Category Archives: Seen & Done

London - Seen & Done

Hidden London: Two Temple Place

I do love a good historic house and thought I’d seen all the best ones in London already, but how wrong I was! I went in for the Ruskin exhibition and walked out as a Gothic revival fan. Two Temple Place has it all! Mahogany carvings: check. Grand staircase: check. Stained glass windows and ceiling: check. A giant fireplace: check! Marbled floors: check! I mean look at it!

Just when you think the stained-glass ceiling is as impressive as it gets, you’ll walk into the Great Hall to spot not one but two glass stained windows: one designed for sunset and the other for sunrise. You might also recognise The Great Hall from The BBC’s The Bodyguard where it stood in for House of Commons reading room. The Mahogany carvings and golden details also continue in this space.

So who can we thank for this beautiful place? William Waldorf Astor, an American attorney, politician, businessman, and newspaper publisher (also the same guy who restored Hever Castle) who bought and renovated the place and used it as his office space. I can think of worse places to work from.

The place is only open to the public during Open House and their annual exhibition, which is happening now until 22nd April. So you have little less than a month to make it down to Thames Embankment and see for yourself. And don’t forget to go to the Ladies toilets on the first floor … you’ll be in for a treat.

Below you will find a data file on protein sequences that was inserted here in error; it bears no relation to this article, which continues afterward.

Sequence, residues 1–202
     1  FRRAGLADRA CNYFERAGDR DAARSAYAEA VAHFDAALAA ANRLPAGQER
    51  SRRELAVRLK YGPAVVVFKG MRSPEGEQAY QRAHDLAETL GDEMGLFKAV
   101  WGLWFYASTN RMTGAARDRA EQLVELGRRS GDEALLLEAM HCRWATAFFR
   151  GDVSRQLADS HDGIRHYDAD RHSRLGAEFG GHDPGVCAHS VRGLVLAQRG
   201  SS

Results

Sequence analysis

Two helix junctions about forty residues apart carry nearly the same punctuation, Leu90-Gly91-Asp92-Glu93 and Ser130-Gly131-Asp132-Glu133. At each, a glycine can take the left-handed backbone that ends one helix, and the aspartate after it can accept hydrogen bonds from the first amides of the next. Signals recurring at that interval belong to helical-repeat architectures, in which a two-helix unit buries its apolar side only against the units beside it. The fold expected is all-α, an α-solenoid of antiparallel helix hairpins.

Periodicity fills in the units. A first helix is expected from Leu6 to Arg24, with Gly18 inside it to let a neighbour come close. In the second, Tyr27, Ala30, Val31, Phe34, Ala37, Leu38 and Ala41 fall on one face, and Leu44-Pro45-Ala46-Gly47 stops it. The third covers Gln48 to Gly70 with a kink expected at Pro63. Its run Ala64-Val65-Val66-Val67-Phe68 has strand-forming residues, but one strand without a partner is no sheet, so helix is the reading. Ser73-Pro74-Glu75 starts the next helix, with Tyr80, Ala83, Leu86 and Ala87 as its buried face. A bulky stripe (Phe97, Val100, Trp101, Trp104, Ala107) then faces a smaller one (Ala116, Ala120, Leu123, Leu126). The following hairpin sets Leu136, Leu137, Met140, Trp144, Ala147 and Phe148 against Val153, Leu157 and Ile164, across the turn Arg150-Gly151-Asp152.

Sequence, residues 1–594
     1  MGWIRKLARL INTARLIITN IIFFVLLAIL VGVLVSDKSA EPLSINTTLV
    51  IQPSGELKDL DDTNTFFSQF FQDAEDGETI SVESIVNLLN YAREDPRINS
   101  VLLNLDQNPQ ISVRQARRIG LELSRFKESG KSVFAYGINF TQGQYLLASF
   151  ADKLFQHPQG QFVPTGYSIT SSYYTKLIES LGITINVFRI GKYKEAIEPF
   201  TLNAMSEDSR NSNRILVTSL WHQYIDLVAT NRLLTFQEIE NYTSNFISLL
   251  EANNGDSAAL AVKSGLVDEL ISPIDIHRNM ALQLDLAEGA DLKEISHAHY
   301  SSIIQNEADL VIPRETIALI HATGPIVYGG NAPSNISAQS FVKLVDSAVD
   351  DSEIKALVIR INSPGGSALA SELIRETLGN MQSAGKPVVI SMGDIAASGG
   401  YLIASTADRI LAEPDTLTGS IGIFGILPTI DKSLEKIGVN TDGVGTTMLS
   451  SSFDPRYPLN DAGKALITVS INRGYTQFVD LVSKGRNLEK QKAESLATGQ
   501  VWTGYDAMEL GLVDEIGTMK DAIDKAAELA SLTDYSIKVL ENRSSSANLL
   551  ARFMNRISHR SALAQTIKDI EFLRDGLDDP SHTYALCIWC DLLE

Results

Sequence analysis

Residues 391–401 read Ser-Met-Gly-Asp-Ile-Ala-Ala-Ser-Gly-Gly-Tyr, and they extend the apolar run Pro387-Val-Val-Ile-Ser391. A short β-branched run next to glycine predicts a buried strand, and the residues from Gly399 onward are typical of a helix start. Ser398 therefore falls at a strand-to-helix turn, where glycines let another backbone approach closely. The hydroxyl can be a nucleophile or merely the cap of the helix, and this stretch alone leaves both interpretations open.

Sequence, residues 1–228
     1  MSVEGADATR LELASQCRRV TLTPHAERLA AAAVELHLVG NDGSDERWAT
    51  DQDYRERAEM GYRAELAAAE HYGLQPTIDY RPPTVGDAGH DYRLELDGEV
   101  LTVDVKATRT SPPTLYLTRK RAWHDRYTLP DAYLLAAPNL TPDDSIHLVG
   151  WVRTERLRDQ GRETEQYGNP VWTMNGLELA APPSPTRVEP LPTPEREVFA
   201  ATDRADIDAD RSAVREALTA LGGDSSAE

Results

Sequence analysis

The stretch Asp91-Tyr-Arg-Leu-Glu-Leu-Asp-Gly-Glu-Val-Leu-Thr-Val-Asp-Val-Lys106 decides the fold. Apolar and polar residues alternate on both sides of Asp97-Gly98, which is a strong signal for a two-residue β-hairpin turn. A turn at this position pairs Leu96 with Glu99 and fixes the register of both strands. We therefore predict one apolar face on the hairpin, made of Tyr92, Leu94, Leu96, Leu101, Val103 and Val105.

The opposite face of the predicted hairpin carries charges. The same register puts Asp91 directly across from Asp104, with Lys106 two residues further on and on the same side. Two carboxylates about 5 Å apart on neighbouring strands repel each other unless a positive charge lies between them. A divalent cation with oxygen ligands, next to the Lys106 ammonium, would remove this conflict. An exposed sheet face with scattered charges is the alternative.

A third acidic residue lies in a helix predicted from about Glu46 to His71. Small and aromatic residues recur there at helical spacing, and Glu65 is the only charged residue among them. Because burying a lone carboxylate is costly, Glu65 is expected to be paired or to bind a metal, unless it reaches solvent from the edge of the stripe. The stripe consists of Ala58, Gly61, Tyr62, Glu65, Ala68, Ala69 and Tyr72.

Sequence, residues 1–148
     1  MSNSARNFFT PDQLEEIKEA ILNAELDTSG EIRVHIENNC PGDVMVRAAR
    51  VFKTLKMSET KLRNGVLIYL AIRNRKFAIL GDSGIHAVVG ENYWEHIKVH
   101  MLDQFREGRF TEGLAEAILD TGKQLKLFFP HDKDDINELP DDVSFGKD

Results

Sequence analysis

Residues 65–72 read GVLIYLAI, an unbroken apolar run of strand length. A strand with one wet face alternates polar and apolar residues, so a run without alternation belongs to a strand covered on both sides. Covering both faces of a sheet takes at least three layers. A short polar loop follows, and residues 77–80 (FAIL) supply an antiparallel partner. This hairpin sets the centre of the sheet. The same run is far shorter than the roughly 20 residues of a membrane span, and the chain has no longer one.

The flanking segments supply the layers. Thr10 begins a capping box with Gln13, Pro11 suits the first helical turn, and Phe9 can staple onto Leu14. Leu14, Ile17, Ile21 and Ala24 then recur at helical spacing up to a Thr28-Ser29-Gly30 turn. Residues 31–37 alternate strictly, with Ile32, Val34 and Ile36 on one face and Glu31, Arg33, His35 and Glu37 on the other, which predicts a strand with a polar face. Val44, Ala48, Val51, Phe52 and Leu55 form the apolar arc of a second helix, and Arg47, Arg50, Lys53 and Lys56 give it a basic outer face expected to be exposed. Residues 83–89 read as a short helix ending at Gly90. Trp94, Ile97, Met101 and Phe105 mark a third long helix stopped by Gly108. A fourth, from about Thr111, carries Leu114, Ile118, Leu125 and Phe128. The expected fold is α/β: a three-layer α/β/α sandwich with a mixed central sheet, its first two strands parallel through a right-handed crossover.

London - Seen & Done

Awesome Things I’ve Seen & Done in London That You Should Do To: February Recap

London Southbank February 2019

Between a trip to Basque Country and a weekend in Hever I still managed to see and do enough things in London this February! Though I feel I’ve let myself down but being the only one who hasn’t had the first beer in a pub garden?!

CAYA
Brixton
Their mocha is Just. The. Best. It’s also a co-work space so if you ever need a place to work from in Brixton, make sure it’s Caya.

GOOD GRIEF, CHARLIE BROWN! @ SOMERSET HOUSE
Holborn
What I always love about the bigger exhibitions at Somerset House is that they are set out for both people who are long time fans as well as people who are new to the topic and they certainly pulled it off here again. I loved stepping into the world of Snoopy, Charlie Brown and co and seeing objects that inspired the comics, the pens and pencils Schulz used and just reading the many comics on display.

ROKA
Holborn – various locations